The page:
Emoji, a Symbol System in Online Communication

 

Emoji, in the era of social media, is an indispensable symbol system in daily communication. People use these little faces to represent, emphasize, or clarify their emotions and attitudes. Almost every netizen knows emoji, and among them, a lot of people know how and when to use it properly. They never learn emoji professionally, but the whole process comes naturally and unconsciously. I would like to try to utilize semiotics to explain the role of emoji in the process of online communication.

Why do we need emoji?

When people chat face to face, it is not quite possible that people misunderstand each other not only because of the content they say, but also resulting from the assistance of facial expressions, gestures, and tones. These elements are of great necessity that direct talkers to clarify the right context and atmosphere. For instance, whether the talk is relaxing or formal and whether what just said is a joke or not.

The emergence of online chatting, however, blocks people’s sensors to assume others’ intentions directly, which might increase the possibility of misunderstanding. To avoid such a phenomenon, graphics of facial emotions were created. At first, they were just some basic alphabets and punctuations, such as 🙂 and :D. In Japan, there is a popular symbols’ system called “Facial Language”, to name a few, o(╥﹏╥)o for crying and (*^▽^*) for laughing. On the basis of these simple graphics, emoji evolve to be more universal.

How do we understand emoji?

The characteristics of all sign systems can also be applied to emoji. First and foremost, meanings of emojis are “acquired and learned in specific communities”. Although people do not need to attend a school to command it officially, they do learn its meaning while using. Sometimes meanings of emoji are easy to guess, such as smile or anger, but sometimes deeper emotions, such as jealousy or regret, largely depend on context. Secondly, emoji system is also “rule-governed”. Each emoji has an according description to showcase its emotion briefly, and the meaning of it is based on people’s common senses. Thusly, users cannot explain its meaning simply out of their moods, but also need to take the rules into account. In addition, meanings of emoji are “collective and intersubjective”. Individuals have no rights to explain an emoji, though they can use it whenever they want. Nevertheless, popular meanings are still formulated on the foundation of sub-culture of the Internet where people share consensus and form the symbol system.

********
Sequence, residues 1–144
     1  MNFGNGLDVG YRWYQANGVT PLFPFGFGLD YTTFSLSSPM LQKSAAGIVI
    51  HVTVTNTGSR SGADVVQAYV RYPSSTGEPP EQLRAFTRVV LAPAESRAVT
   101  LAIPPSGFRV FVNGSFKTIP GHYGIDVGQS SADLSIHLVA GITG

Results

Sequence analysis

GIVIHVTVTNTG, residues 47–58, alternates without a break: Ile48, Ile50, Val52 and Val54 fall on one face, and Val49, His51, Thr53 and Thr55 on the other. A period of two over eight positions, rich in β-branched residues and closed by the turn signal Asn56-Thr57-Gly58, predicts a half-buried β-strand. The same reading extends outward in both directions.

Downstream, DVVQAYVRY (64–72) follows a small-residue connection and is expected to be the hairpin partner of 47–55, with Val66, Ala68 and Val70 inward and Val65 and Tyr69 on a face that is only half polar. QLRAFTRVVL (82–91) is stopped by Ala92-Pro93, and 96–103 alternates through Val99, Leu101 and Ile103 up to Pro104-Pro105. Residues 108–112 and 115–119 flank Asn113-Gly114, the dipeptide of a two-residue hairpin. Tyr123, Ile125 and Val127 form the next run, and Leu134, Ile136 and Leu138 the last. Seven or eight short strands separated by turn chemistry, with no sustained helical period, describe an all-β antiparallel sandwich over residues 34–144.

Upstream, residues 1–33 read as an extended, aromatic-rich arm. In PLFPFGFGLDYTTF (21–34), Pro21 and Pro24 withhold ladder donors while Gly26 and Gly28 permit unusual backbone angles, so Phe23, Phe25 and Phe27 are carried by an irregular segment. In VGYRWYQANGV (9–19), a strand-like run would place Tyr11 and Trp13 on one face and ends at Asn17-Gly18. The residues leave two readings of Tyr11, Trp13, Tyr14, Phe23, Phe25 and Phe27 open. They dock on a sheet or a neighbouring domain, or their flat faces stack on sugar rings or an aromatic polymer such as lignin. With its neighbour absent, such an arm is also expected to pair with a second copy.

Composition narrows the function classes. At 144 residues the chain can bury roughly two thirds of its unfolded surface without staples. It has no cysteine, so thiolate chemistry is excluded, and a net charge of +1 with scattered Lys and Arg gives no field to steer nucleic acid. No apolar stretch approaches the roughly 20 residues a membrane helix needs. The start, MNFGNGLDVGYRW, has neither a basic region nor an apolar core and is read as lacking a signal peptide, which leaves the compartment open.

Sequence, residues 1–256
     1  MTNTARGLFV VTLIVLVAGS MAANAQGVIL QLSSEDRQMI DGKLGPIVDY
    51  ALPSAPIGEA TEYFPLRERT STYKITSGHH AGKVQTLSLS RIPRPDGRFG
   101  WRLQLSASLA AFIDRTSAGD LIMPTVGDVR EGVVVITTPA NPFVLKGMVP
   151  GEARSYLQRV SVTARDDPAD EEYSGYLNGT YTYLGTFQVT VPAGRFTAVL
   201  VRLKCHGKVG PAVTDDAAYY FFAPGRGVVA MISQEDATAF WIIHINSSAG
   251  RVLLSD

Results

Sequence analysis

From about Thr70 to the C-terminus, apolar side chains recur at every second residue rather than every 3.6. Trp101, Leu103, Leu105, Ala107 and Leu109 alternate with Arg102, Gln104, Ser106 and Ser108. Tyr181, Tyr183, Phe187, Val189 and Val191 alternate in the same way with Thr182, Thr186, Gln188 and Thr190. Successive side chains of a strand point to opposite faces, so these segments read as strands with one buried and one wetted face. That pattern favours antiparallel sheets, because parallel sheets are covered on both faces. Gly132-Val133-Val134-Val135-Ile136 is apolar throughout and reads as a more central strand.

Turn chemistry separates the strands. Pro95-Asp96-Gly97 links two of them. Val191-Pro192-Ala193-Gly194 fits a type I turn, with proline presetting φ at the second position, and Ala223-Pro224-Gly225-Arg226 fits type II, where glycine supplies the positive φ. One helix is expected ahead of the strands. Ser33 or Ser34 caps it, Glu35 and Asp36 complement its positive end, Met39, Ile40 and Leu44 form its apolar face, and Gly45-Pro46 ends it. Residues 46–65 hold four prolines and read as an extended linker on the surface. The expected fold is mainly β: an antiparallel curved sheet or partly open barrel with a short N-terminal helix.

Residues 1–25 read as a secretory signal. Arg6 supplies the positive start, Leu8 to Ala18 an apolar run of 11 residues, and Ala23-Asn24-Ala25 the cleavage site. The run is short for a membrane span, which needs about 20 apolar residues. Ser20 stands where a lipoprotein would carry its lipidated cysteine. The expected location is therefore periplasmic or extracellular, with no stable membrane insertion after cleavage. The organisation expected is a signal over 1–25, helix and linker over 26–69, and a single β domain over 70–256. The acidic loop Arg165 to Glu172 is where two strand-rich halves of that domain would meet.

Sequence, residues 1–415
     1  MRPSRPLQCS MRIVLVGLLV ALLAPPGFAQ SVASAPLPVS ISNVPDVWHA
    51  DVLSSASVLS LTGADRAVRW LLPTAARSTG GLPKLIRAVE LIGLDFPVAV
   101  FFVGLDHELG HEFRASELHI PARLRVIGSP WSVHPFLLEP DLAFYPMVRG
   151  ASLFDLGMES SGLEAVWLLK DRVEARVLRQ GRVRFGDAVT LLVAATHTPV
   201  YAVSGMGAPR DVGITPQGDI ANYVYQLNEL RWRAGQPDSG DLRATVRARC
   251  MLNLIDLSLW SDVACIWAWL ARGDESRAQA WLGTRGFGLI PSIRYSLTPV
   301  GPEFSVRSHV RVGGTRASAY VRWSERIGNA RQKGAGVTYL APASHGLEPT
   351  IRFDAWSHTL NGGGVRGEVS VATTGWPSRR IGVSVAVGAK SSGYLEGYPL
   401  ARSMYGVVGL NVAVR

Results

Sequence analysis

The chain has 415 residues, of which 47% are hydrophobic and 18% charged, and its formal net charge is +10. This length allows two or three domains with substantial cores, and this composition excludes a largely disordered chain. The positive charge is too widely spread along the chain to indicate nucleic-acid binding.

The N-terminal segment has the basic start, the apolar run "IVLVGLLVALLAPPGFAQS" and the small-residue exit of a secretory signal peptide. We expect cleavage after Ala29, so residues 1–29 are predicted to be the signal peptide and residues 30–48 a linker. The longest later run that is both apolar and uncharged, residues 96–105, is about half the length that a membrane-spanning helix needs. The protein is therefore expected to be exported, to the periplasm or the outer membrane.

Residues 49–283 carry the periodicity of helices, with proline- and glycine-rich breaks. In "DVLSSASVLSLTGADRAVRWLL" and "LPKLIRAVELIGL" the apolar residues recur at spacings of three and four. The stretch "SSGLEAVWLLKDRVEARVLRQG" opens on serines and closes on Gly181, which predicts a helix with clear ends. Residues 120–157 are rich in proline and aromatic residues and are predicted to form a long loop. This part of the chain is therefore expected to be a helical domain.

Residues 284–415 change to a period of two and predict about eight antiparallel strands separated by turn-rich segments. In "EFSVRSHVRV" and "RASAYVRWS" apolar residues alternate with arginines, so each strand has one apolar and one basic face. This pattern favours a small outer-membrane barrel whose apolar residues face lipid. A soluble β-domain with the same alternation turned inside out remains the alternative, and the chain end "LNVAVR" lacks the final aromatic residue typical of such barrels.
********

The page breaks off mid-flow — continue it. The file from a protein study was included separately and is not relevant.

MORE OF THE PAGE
Emoji, as a symbol system, is not a static thing but a dynamic process. It is developing all the time with increasing numbers of users. They find it difficult to express their complicated feelings with extant emojis, so the company produces more vivid emojis to compensate. Hence, emoji becomes more and more comprehensive, complex, and even abstract than its original version.

From the Perspective of Ferdinand de Saussure’s Basic Model of the Sign

Signified: Emotions or feelings users want to express via emoji.

Signifier: Emoji itself.

From the Perspective of Peirce

Representamen: The relationship between emoji and its according meaning, such as smile and happiness and cry and sadness.

Interpretant: Brief description of each emoji can be its interpretant which is to explain the meaning of emoji graphics.

Objects: Emoji itself is an object abstracted from real facial expressions.

 

Reference:

Martin Irvine. The Grammar of Meaning Systems: Sign Systems, Symbolic Cognition, and Semiotics

Martin Irvine. Meaning Systems, Communication, Media, and Technologies

Daniel Chandel (2002). Semiotics: The Basics